What is Hamilton Third Age Learning?

Hamilton Third Age Learning

  • What is a hash tag?
  • Is there a difference in male and female brains?
  • Need to keep up with technology?
  • What happened in the financial crisis of 2008?
  • Why does Canada have home grown terrorists?
  • What is the future of healthcare?
  • What is the latest research on stem cells?


These are a few of the discussions in the new HTAL (Hamilton Third Age Learning) program.


The Third Age Learning Movement was established in France in 1973. It spread rapidly throughout Europe and in the UK and first arrived in Canada in Sherbrook, PQ in 1975.

 Worldwide there are now many organizations offering learning opportunities for older, often retired people (third age). Venues include universities, community organizations and independent groups.

 According to Catalyst, The Canadian Network for ThirdAge Learning, there are now over 50 third age learning groups of various kinds in Canada, coast to coast.

 Well-established, successful programs have been established in Guelph and Kitchener for over 25 years and most recently Burlington launched their program two years ago.

New to Hamilton:

The good news is that Third Age Learning has begun in Hamilton.

With the second largest number of older adults in the Province and a city committed to becoming an Age Friendly City the time is right for this exciting movement to take hold in Hamilton. 


Hamilton Third Age Program (HTAL) was launched in 2013 with a lecture series for retired and semi- retired persons who share an interest in lifelong learning and understanding contemporary issues.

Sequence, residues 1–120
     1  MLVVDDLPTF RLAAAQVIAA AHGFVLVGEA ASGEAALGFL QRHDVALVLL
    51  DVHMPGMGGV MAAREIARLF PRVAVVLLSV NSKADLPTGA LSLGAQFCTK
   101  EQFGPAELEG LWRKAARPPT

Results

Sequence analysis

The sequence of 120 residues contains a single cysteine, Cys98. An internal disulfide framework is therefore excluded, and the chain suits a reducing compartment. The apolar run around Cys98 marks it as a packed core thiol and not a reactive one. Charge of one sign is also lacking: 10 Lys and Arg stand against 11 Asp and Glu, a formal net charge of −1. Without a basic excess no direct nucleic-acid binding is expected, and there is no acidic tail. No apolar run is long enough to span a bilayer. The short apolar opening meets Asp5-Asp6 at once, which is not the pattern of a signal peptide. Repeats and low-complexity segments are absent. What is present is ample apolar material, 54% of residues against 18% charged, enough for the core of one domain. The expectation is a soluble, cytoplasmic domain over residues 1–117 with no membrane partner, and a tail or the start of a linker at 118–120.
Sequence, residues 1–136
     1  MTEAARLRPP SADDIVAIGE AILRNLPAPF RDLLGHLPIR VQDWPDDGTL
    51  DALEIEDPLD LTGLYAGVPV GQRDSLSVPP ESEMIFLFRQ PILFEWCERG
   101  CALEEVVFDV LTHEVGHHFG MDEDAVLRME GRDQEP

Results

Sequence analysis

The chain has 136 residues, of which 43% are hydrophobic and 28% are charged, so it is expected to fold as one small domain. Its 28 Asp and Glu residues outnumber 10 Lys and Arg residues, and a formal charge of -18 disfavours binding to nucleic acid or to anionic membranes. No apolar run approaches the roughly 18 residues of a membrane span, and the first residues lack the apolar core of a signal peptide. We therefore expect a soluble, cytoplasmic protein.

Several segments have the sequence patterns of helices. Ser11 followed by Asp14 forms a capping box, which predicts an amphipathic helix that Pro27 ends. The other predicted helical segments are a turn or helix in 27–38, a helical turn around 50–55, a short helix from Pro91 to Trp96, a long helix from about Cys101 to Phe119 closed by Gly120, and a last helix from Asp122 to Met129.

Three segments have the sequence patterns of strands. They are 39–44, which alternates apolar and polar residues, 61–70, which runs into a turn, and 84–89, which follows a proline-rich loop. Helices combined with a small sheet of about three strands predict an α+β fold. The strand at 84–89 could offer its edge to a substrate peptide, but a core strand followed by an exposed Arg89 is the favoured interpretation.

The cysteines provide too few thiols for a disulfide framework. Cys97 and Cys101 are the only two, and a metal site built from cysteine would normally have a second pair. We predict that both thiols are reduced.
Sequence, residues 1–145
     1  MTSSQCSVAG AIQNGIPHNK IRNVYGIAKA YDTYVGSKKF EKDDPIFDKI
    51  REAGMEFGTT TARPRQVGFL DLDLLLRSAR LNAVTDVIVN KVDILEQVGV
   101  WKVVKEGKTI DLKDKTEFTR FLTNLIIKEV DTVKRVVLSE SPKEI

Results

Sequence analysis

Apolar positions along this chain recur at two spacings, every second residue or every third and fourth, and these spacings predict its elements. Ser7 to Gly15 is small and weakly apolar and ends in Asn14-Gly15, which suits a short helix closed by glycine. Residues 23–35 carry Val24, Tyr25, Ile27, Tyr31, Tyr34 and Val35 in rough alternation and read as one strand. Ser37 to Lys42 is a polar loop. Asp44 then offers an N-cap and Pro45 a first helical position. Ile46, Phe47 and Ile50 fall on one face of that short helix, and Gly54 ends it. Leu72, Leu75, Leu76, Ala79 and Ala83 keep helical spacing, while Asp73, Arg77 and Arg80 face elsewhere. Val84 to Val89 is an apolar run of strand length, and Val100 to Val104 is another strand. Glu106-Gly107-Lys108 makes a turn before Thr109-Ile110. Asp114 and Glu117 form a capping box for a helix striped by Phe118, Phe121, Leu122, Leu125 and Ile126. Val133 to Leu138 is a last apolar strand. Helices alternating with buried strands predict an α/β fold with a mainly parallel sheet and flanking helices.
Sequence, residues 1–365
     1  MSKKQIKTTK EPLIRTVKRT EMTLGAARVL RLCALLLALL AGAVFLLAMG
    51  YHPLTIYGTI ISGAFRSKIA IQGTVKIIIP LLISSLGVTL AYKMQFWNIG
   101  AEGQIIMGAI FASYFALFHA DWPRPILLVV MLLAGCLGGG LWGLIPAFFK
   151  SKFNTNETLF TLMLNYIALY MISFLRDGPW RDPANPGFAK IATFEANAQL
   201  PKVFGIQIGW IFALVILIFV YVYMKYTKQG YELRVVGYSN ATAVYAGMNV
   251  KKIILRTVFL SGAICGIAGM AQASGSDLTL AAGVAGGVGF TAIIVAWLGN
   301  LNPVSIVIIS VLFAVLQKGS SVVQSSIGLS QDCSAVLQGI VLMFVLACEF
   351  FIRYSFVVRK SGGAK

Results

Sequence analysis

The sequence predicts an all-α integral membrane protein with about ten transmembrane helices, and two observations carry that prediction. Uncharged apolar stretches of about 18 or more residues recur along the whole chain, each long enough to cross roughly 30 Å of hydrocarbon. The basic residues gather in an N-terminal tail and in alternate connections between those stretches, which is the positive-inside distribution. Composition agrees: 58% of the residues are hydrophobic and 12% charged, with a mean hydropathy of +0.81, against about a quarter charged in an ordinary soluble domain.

Our theme: “How do we begin to understand the 21st century?” Our world is a very complex and confusing place where change is happening at an ever-faster pace. The highly qualified speakers cover a range of topics providing insights into this century’s problems and possibilities.

The program is intellectually stimulating and engaging. As well, it provides an opportunity for participants to socialize.


The lecture series is offered at the McMaster Innovation Park on 175 Longwood Avenue. This is a spacious and bright location which highlights works of local artists.


The 6 lecture series is offered in the spring and fall on Friday mornings, 10am to noon.


45 minute lecture, coffee break followed by a lively question and answer period.


Upcoming: fall 2014:

  • Jackie Maxwell Artistic director of the Shaw festival: the important role of theater in contemporary life.
  • Dr. Gordon McBean director of the Western University center for environment and sustainability: Global climate change and how Canadians can address the issue.
  • Dr. Laurel Trainer Professor of Psychology at Mcmaster: children learn through exposure to music and how it shapes behavior.
  • Dr. Ron Dielbert of the University of Toronto: the implications of the Snowden revelations.
  • David Mulroney former Canadian ambassador to china: Chinas’ changing character and the challenges it poses for Canada.
  • Francesca Grosso of Grosso McCarthy Toronto: tips and advice on navigating Ontario’s changing health care system.



The price of the 6-lecture package is $50.00 (includes free parking) or if you prefer to come to a lecture of your choice, there are tickets (depending on available seating) at the door for $10.00


How to register:

Registration has currently sold out for the fall 2014 series. Registration and information for 2015 spring lectures:

go to www.htal.ca


Sharron Johnson is a member of the Board of Directors for Hamilton Third Age Learning.